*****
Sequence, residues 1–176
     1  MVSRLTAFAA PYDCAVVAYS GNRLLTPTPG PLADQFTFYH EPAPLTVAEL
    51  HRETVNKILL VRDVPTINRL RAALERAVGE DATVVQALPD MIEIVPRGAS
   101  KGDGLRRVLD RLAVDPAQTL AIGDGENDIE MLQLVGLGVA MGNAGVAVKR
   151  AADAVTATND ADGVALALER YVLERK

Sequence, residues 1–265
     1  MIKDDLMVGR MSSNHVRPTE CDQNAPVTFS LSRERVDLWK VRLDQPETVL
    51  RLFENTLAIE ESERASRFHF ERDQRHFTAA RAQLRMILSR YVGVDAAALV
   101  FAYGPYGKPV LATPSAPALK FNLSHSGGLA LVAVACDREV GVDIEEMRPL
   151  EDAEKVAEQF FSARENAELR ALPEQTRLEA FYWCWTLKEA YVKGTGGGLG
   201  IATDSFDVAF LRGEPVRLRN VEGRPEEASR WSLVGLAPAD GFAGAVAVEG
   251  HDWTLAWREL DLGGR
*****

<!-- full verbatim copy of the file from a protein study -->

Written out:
Sequence, residues 1–176
     1  MVSRLTAFAA PYDCAVVAYS GNRLLTPTPG PLADQFTFYH EPAPLTVAEL
    51  HRETVNKILL VRDVPTINRL RAALERAVGE DATVVQALPD MIEIVPRGAS
   101  KGDGLRRVLD RLAVDPAQTL AIGDGENDIE MLQLVGLGVA MGNAGVAVKR
   151  AADAVTATND ADGVALALER YVLERK

Sequence, residues 1–265
     1  MIKDDLMVGR MSSNHVRPTE CDQNAPVTFS LSRERVDLWK VRLDQPETVL
    51  RLFENTLAIE ESERASRFHF ERDQRHFTAA RAQLRMILSR YVGVDAAALV
   101  FAYGPYGKPV LATPSAPALK FNLSHSGGLA LVAVACDREV GVDIEEMRPL
   151  EDAEKVAEQF FSARENAELR ALPEQTRLEA FYWCWTLKEA YVKGTGGGLG
   201  IATDSFDVAF LRGEPVRLRN VEGRPEEASR WSLVGLAPAD GFAGAVAVEG
   251  HDWTLAWREL DLGGR